Tuesday 27 September 2016

Calling all Americans: Come here!

Meet Caroline Duke. Caroline is your typical American – smart and polite with excellent grammar, hygiene and corporate social responsibility. Caroline, who like all fellow Americans loves America, still craved a new challenge and earlier this year decided to take a one-year visa to live and work in Australia. Caroline joined Edelman last month to become the ninth non-Australian in Edelman’s Sydney offices, where she brings her unique American perspective and strong government experience to our growing Australian practice.

It makes perfect sense. Of the 195 countries in the world, only a handful use English as the primary language and of those only a few offer opportunities to practice at a global public relations agency. Australia is the warmest of those few. And of all the thousands of professions, public relations is perfect to practice abroad. It’s a budding industry where international and local demand is growing just as quickly as the supply, and it’s a profession that is similar enough across cultures to allow for success, but different enough to provide a challenge. It is one of the few professions where getting a job abroad can benefit the foreign individual personally and professionally, and where hiring a foreign professional can benefit the company or agency reciprocally.

 

Here are ten reasons why you should consider practicing public relations in Australia:

There is an Australian PR skills shortage. There is a major skills shortage in Australia and we need qualified people such as you. You’re a winner! I mean look around you. One out of five people at your PR firm is reading the Huffington Post or even worse, FoxNews.com. He or she just doesn’t get it. Now look at the internship applications on your desk. Where are we recruiting some of these people, at a Ke$ha concert? Every consultancy needs a skilled practitioner, a solid writer and a strategic thinker. Every Australian firm is hiring if it’s an outstanding candidate, so go and sell your skills.

Working abroad will enhance your resume, allowing you to work with thought leaders from a range of nationalities and backgrounds, and helping you make global contacts and relationships that will open countless doors in the future. Broaden your skills as you work with new clients, new publics, new media and new challenges.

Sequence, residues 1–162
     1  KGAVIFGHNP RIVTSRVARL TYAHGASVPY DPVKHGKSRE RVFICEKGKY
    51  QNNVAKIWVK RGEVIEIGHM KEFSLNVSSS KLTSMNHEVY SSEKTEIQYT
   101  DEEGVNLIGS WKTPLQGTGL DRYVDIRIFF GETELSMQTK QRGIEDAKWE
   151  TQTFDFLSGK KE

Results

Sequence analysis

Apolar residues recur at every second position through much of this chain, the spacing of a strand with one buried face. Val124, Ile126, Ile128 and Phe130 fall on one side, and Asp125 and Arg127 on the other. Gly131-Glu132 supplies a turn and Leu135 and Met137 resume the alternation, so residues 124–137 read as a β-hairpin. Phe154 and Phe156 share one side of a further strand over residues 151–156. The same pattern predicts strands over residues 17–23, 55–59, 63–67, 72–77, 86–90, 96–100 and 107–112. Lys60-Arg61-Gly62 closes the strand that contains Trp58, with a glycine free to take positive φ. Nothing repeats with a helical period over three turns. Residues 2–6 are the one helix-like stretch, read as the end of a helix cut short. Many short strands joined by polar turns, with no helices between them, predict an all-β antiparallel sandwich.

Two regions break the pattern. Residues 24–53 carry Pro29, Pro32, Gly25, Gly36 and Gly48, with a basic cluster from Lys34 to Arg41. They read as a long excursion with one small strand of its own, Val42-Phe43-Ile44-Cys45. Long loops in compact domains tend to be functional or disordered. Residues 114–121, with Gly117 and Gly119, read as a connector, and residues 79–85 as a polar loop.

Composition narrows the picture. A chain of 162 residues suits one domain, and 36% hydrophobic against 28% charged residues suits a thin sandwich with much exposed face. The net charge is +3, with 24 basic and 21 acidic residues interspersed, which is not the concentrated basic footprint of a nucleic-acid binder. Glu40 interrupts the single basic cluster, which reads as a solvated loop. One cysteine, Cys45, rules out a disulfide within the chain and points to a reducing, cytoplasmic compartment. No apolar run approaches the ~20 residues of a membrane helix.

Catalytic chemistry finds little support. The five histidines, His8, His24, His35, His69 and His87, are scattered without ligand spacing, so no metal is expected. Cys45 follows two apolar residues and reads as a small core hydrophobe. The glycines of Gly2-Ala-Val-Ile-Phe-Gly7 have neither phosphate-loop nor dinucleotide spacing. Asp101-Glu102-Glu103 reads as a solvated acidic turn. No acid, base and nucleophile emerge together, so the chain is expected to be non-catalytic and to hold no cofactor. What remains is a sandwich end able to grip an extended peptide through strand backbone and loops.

Australians love you!* You’re funny, witty and have what many Australians consider the third- or fourth-best English-speaking accent in the entire world. Not only do you know how to dance to hip hop music, but you can also successfully pull off a backwards baseball cap with a popped collar. You’re an above-average swimmer and flexible enough to drink any kind of alcoholic drink at any given moment, making you fantastic for Australian networking events, client parties or PR box socials. Wow them with your boyishly handsome good looks or Mischa Barton charm!

*does not apply to everyone

There is no better time than now. You’re young, you’re new to the profession or you want to do this now before you settle down. It’s much easier to make this move when you’re in a mid-tier position, and much harder when you’re too experienced and have children running around, dragging you down financially and emotionally. You’re young and you’re growth-hungry. Donald Trump or Sarah Palin could be our next president. There is no better time to flee than now.

Learn a new public. Talking to Americans is easy when you’re American. You know how and where to reach them and you know what messages are likely to resonate with them. Talking to Australians is hard and listening to them is bloody harder. You won’t understand 35% of what they’re saying and you’ll end up spending half your day googling “zed”, “drop bear” and “ranga”. You’ll learn to rely less on your instincts and more on your studies, your new colleagues and your own inquisitive knowledge.

Meet new people. Embrace new cultures and make new friends. You’re in public relations so you’re obviously popular and extremely well-liked. It won’t be difficult to meet the locals and learn about their traditions, their beliefs, their interests and their obsessions. Every person has an interesting story to tell, and every story will help give you a bit more perspective.

Learn about yourself. Perspective can only be obtained when you have different situations to compare them with. I thought Americans treated their politicians harshly until I saw Q&A. I thought Glee was terrible until I saw Packed to the Rafters, and I thought San Francisco was pretty gay until I moved to Sydney. Perspective is great so keep an open mind and learn more about what you love and hate about America by living and practicing abroad.

Teach others. You have more to offer than just your skills and rugged American good looks. Just as you can learn about another culture and another way of practising PR, you can also teach others. During your interview, illustrate your experience in the U.S. and the different kinds of companies and campaigns you worked on, and demonstrate your eagerness to learn other strategies. The world can learn a lot from people like you, so don’t feel shy to teach!

Australians hate Justin Bieber. You’re safe here.

Edelman is hiring. Well what do you know, Edelman just happens to be recruiting highly-skilled Americans like you to join us in Sydney. We’re a growing firm and we have great clients and great fun. Living abroad is an adventure unlike any other, and practicing overseas is a challenge that even Canadians have taken on in the past. If this is a challenge for you, give us a shout!

 

-Donald Takaya

Donald Takaya is an American who moved to Australia three years ago when he decided he was bored with San Francisco and its overpriced housing. You can follow him at @LifeInAustralia.

 

Image Source: http://www.muller-berlin.com/Australia.htm